Daniel comes to the door to greet Tim and I missed the rest of the segment trying to figure out what the hell that was on his head. I’m confused. Is it a wig? Is it what happens when he doesn’t Brylcreem his hair down? Why is he tilting his head to look out from under the bangs instead of just cutting them or getting them the hell out of his face? I’m trying to think who he reminds me of, but I can’t place it. Addendum: Got it – Adam Sandler in Reign Over Me. Or Dylan. It’s easy to confuse the two. But neither is easily confused with Daniel, who just looks weird. Even Tim says he looks like a Chia Pet.
Ok, wait, focus. Project Runway. Fashion design. Daniel tells Tim his inspirations are Salvador Dali, the nebulas around planets, and Berlin.
First: I hate to be a nitpicker, and I’m not claiming to be an expert in astronomy, but I’m not sure “the things around planets” is the best way to describe a nebula. Second, how do those three things relate? This isn’t helped by the fact that a few hours before I just happened to watch an old episode of Chopped featuring a contestant being inspired by sea urchin to make “Salvador Dalí’s spring afternoon sea urchin feast.” But that at least made sense, since Dali was publicly fond of sea urchin (and I gave the chef credit for knowing such an arcane thing; the judges, however, were not as impressed, as they consider themselves to be the stars of the show and resented anyone showing a higher degree of cleverness than that which they themselves are capable). Wow, I’m digressing again, huh? It’s ok, Daniel, like CNN, is irrelevant at this point. He would’ve been much better off to have been cut last week.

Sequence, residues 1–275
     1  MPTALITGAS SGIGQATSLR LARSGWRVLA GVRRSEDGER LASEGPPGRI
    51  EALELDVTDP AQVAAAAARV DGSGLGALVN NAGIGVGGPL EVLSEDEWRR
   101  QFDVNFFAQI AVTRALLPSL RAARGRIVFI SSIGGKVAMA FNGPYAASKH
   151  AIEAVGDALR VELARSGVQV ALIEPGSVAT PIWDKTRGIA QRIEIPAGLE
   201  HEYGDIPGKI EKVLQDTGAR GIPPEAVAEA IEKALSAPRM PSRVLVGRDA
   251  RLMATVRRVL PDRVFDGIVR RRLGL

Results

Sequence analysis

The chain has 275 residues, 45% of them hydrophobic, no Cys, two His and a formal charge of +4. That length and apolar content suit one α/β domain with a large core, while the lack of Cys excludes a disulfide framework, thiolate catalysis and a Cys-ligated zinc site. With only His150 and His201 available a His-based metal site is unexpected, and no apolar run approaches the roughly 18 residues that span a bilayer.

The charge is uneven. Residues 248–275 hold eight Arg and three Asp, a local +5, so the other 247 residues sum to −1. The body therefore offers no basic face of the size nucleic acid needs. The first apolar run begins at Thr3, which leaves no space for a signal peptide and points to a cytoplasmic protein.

So back to nebulae, Salvador Dali, and Berlin. Tim doesn’t get it, either. Daniel (who, when he isn’t wearing a chia pet wig, does bear something of a resemblance to the artist, though it’s probably just the mustache) explains how he molded the collar of the leather jacket in the heat of the sun with his bare hands, which sounds pretty cool; is that how it’s done? Tim brings out the monkey house story again, the one he used to (unsuccessfully) dissuade Chris March from using human hair.
In New York, Daniel says “sting ray” four hundred and seventy eight times. So that’s why this episode is two hours long. I never realized you could make clothes out of sting ray. Or that you’d want to, for any reason other than saying, “Hey, I made this out of sting ray.”
His mini-collection is entirely black, which is never a good sign. He presents ill-fitting cropped pants with a jacket that reminds me of a cross between the first jacket he made in E1 and Daniel Franco’s losing attempt at lingerie; a sweater I like a lot, but paired with ordinary pants, it’s not that impressive; and a black gown whose sole feature of interest is a strip of sting ray running down the back. They rake him over the coals. Zac informs us all of the difficulty of sewing with sting ray (aha, so it is something people actually use… which still doesn’t tell me why, other than… but I already said this). Still, it isn’t sophisticated. Nina doesn’t see shape or drama needed to pull off all-black. Heidi’s overwhelmed; “And I like you!” Yeah, when someone who likes you is underwhelmed, you’re in trouble.